Pitching Your Company To Investors

Although I have posted on this topic before, it was about 16 months ago. So, I guess it is time to bring it up again.

I regularly sit on panels and listen to business owners and entrepreneurs present their companies to investors hoping to gain interest and get some capital. Now I know that they have been working hard to get to this stage, but there is a difference between working hard and working smart! So, what is working smart?

From their presentations, I believe that less than one-tenth of one percent have spent any time trying to understand what investors look for. If they did, they would understand that we are not really interested in hearing about a company or technology before we hear about the business opportunity. If there is no clear business opportunity, then why spend the time learning about someones idea of a great technology?

I sat on a panel last Thursday. The CEO was energetic, slides were nice, he was able to explain his technology, but there were very few things that an investor would like to know in his presentation in spite of the fact that he believed that he had an Investor Level Presentation. He didn’t have an idea about how an acquisition would work for his company even though that is the exit he is planning on. He didn’t know what he thought is current valuation is, so that I could get an idea about what a $2M investment would buy. In fact, he didn’t talk at all about what he is offering until I asked him.

Oh yeah, a $2M first round. Who helped him decide on that number? It is at the high end of an Angel round and much to low for VC. Getting $2M from Angels might take forever. With an average Angel investing $25K-$50K per deal, he will have to convince somewhere between 40 and 80 Angels to invest. to do that, he will have to get in front of all the Southern California Angel groups. It will take forever and probably be extremely frustrating.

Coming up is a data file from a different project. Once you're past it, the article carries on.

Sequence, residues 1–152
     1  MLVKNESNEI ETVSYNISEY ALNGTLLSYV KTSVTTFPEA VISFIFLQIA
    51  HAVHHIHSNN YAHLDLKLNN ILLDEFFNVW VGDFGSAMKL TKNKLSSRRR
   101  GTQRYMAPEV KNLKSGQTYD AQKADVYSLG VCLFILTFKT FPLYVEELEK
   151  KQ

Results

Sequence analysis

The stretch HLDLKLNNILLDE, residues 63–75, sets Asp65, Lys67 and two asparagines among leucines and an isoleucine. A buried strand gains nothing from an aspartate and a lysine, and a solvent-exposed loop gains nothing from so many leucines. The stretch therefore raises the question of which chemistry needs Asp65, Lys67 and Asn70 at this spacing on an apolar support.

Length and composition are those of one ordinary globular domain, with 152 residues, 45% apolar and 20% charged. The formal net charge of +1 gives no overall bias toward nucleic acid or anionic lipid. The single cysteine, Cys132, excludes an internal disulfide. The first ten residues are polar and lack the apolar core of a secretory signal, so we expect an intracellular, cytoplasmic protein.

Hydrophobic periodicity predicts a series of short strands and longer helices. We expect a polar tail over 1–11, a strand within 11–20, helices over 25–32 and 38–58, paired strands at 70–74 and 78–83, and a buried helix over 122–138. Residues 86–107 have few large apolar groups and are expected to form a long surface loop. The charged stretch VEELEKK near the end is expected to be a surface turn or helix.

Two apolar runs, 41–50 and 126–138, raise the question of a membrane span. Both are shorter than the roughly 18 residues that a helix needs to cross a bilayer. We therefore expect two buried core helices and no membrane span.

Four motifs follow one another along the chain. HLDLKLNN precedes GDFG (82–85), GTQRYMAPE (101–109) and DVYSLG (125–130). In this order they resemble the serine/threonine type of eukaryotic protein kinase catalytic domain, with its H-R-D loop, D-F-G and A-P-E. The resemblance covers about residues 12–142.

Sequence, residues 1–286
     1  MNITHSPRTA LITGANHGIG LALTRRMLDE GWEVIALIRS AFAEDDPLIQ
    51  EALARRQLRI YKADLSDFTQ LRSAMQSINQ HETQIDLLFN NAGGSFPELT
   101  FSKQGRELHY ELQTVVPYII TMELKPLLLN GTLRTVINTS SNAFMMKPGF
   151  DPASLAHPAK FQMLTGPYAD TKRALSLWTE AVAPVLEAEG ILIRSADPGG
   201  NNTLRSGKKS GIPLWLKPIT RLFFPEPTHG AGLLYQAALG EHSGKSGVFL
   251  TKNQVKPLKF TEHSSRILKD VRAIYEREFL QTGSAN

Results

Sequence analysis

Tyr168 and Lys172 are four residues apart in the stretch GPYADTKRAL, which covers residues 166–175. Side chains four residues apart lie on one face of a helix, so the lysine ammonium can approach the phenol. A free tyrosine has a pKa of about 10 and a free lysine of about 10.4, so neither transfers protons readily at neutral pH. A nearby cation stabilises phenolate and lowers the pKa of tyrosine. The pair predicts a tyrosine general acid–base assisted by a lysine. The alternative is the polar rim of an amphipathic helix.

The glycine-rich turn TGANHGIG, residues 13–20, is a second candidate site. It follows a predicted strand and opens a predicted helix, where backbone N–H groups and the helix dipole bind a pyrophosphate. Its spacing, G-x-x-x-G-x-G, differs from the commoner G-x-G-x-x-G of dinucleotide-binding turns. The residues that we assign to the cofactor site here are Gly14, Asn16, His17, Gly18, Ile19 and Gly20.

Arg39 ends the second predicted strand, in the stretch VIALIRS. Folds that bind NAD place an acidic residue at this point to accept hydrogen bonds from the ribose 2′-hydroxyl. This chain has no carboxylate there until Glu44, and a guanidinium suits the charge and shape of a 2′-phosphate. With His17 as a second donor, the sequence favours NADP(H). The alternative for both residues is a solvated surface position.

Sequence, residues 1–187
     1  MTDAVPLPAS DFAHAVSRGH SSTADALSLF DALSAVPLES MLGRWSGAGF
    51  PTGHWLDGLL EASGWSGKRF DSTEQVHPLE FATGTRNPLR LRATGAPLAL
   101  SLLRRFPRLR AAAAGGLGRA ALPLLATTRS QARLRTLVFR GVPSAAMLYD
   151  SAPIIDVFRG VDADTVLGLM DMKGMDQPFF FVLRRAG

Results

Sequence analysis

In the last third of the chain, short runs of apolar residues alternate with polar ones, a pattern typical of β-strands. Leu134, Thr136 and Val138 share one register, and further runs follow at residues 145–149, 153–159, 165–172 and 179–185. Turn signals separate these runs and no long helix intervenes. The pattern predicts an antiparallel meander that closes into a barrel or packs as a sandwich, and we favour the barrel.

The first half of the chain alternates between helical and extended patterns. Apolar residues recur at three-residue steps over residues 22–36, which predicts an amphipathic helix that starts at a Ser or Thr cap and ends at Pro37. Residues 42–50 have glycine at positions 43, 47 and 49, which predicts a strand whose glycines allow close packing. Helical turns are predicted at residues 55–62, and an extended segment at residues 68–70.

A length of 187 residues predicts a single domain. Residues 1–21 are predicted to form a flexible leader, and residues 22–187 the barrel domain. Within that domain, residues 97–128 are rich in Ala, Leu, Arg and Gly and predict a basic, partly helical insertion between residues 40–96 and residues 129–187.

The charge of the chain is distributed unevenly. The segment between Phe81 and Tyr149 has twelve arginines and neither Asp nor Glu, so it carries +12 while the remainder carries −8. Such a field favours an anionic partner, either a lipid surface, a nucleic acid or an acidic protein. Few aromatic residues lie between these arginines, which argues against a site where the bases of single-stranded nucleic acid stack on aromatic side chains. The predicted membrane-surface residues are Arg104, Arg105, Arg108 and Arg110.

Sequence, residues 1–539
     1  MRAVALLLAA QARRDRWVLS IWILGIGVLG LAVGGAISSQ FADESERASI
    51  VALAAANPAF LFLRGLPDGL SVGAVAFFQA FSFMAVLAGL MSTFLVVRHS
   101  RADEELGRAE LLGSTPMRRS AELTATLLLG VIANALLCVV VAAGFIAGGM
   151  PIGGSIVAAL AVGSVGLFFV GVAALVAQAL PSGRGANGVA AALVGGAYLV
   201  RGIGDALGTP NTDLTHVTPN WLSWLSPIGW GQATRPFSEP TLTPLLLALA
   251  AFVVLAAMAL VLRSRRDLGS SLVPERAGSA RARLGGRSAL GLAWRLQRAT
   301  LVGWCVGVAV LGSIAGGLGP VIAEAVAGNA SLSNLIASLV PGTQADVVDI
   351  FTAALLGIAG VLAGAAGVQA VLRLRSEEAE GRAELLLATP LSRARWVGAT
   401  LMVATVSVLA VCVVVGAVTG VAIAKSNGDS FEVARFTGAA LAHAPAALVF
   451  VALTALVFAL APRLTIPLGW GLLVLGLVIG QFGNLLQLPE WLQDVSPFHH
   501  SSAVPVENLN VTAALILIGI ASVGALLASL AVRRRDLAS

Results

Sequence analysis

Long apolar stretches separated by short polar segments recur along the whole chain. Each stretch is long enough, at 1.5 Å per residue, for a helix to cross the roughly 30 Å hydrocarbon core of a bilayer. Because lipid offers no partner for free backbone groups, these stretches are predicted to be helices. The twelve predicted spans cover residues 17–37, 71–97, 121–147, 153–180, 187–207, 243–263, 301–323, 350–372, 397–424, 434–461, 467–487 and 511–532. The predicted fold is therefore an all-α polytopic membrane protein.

This CEO didn’t realize that he needed to, not only explain why his was a good deal, but why it was better than the six I saw two days earlier at a Keiretsu Forum meeting or the 150+ we are tracking at California Capital Partners.

One of the other panelists recommended that he not both thinking about his exit. It is too far away. He had to leave early, which is to bad since I disagree with him. I realize that things change and whatever he thinks today will probably be different in the future. However, I am interested in understanding how he is thinking. Is he saying he believes that he will be acquired  because someone told him to check this box. Or has he really thought about being acquire and how that might work. Equity investors, Angels or VC’s, want to hear about how a company can build a 5X to 10X return for them  in 3-5 years. Yeah, yeah I know that doesn’t always happen, but we do want to have someone focused on this type of goal in to beginning.

Let’s see, $2M investment, 5X to 10X return in 3 to 5 years; so I want to hear about a company that is planning to build to a point where an acquisition will pay out $10M to $20M. So, what’s their Proforma say? 5th year revenues at $24M. Hmmmm, not even close.  

What can the early stage entrepreneur do? Spend as much time learning about your potential investors as you do learning about your companies potential customers.  After all, investors are truly your first customers. More importantly, they have to buy into your company not just your products. Work smarter, do the research and find out what your investors are looking for and then tell them how your company will make it happen.


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